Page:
“Last year was the first year he caught every day.  We believe he’s going to be a very good player.  He’s going to have to come into spring training and earn a job.  That is the bottom line.  He’s going to have to earn the job as a catcher.  Is he ready?  We’ll have a much better idea as we watch him go through spring training.  But as I said, we believe that he’s a very good talent.  We believe that he made strides last year, some big strides.  But we’re going to have to wait and see.”
What A.J. Burnett needs to work on with Larry Rothschild:
“The big thing for A.J. is refining his mechanics and making sure that everything’s on time.  That doesn’t necessarily mean changing him completely, it’s just he has the leg kick and the little bit of a swing.  It’s something that we have to make sure when it’s time to get that foot down and where it goes down and where his arm is all in the right spot at the right time.”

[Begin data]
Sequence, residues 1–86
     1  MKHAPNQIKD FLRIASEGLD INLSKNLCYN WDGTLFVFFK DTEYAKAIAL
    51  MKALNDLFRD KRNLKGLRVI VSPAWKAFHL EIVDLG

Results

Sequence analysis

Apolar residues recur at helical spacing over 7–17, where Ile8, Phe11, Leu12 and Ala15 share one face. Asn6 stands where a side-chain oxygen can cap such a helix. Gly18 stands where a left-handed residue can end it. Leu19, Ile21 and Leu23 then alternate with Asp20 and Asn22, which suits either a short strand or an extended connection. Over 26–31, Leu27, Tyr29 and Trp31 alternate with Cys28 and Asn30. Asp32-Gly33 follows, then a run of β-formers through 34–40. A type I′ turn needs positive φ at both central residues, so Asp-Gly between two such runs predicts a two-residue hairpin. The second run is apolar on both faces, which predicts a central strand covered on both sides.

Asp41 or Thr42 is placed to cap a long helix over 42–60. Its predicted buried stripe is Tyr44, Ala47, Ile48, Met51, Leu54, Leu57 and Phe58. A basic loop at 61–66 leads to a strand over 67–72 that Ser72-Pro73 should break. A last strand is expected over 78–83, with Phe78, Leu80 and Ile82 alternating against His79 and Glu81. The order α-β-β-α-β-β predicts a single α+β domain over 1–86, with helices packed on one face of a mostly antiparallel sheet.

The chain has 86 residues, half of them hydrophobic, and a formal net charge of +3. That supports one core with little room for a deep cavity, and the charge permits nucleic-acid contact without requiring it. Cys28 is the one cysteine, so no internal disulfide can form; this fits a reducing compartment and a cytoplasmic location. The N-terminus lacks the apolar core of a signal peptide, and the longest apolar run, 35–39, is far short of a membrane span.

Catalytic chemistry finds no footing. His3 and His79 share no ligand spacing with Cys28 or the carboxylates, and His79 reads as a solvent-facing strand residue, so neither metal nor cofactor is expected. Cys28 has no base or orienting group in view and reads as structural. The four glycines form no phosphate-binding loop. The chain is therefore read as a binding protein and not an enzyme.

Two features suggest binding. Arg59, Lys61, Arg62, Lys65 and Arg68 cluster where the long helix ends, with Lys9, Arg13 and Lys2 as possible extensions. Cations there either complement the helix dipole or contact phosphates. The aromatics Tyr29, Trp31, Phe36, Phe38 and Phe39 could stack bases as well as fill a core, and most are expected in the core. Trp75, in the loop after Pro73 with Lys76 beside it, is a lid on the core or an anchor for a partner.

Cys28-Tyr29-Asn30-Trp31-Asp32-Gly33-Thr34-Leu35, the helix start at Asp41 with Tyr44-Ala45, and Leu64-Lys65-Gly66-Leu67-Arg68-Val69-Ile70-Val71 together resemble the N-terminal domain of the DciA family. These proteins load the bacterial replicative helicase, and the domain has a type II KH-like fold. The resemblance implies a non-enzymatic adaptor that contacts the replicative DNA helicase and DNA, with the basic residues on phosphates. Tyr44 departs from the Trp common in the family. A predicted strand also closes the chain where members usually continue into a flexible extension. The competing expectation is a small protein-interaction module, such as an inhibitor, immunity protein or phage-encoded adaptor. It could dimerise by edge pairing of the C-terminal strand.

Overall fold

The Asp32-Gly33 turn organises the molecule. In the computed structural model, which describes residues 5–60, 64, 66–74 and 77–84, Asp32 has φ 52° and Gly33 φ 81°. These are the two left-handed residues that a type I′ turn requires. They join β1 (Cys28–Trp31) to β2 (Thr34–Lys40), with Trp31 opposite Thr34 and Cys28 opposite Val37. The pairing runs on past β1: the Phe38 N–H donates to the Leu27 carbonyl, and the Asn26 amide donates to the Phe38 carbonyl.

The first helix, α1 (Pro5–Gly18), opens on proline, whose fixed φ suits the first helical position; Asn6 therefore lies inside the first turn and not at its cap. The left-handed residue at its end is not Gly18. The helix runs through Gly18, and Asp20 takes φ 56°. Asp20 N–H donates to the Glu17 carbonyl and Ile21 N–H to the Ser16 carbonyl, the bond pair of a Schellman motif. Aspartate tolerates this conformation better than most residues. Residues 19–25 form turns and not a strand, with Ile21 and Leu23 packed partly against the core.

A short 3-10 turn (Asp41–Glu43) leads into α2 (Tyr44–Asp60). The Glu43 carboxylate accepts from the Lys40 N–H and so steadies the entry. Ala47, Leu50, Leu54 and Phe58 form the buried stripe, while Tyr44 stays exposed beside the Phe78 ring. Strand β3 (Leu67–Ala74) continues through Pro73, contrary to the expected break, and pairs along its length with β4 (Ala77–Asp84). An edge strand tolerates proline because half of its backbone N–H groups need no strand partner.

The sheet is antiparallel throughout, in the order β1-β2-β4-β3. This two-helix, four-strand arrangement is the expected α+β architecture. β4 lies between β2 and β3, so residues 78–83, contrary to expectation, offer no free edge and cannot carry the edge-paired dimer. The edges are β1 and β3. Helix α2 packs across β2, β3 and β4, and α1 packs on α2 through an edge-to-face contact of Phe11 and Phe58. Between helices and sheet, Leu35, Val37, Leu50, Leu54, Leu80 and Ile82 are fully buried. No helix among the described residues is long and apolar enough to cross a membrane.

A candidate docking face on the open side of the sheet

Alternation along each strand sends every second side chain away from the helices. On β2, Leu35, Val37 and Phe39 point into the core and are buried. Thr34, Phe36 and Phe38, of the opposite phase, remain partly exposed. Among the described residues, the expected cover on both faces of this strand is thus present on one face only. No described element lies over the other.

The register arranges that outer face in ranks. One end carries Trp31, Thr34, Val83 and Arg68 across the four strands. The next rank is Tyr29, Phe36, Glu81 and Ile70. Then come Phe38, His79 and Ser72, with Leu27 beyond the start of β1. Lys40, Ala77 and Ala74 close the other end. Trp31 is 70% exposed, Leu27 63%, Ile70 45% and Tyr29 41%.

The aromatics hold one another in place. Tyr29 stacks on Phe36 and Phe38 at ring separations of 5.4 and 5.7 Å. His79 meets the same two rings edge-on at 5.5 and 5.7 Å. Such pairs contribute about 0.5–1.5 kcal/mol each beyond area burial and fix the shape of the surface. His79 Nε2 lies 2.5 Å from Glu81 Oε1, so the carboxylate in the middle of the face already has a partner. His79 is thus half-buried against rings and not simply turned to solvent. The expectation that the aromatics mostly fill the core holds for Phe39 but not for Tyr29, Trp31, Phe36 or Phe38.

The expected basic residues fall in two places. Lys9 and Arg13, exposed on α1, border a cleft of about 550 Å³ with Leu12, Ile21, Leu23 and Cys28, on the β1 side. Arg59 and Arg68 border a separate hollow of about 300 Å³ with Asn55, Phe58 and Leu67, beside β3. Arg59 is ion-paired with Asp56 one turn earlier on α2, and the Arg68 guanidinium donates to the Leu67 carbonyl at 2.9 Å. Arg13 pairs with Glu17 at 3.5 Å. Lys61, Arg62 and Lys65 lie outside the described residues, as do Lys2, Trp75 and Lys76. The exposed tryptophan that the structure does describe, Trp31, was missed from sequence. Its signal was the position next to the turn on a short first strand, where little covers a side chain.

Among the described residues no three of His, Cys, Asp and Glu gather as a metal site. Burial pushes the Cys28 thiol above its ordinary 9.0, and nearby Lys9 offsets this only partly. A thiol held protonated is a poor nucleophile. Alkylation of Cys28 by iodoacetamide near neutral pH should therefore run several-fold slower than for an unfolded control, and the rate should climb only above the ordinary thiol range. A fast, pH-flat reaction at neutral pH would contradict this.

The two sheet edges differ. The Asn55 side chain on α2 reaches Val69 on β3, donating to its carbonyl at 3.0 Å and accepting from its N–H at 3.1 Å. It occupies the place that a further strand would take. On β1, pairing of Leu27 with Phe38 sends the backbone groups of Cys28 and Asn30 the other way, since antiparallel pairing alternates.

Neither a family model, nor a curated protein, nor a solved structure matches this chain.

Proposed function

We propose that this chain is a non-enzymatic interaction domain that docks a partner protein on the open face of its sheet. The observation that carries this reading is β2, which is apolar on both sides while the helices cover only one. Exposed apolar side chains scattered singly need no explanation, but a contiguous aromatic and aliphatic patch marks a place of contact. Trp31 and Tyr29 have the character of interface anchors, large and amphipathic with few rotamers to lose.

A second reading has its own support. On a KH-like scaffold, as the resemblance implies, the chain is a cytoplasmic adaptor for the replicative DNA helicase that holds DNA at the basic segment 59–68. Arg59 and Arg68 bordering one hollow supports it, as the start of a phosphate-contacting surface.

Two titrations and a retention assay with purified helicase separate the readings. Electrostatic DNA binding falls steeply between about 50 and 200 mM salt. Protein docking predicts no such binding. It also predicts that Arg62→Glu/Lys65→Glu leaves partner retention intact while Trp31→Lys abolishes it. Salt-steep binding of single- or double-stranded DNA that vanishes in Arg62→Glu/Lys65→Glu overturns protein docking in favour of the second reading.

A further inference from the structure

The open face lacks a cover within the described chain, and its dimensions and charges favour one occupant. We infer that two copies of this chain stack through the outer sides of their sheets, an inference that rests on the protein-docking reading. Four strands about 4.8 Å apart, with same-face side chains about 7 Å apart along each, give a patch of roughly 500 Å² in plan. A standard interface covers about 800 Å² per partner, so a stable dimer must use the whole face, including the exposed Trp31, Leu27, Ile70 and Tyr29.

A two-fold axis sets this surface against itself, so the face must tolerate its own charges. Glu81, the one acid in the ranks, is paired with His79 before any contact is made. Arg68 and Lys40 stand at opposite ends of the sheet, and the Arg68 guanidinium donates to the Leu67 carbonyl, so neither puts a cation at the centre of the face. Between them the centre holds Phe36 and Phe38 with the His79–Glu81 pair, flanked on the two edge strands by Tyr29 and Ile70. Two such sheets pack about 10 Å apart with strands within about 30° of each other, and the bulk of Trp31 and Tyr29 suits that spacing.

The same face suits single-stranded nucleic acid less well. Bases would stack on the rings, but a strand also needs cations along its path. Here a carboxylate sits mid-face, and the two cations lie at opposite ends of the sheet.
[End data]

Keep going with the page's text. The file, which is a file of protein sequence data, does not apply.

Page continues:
On flexibility in the lineup with Jeter and potentially moving him:
“I think you have to evaluate your team on a daily basis, weekly basis, and monthly basis as time goes on.  The one thing he did do is he hit in September for us.  After we made that change with him, he hit much better.  We’ll continue to work on those things.  We expect Derek to have a good year.  To be the guy that he’s been.  Even though he had some struggles last year, he still scored 100 runs for us.  He found ways to score runs.  It’s what you want from your guys at the top of the order.  But I think the adjustment helped him, and I think it will help him as we move forward.”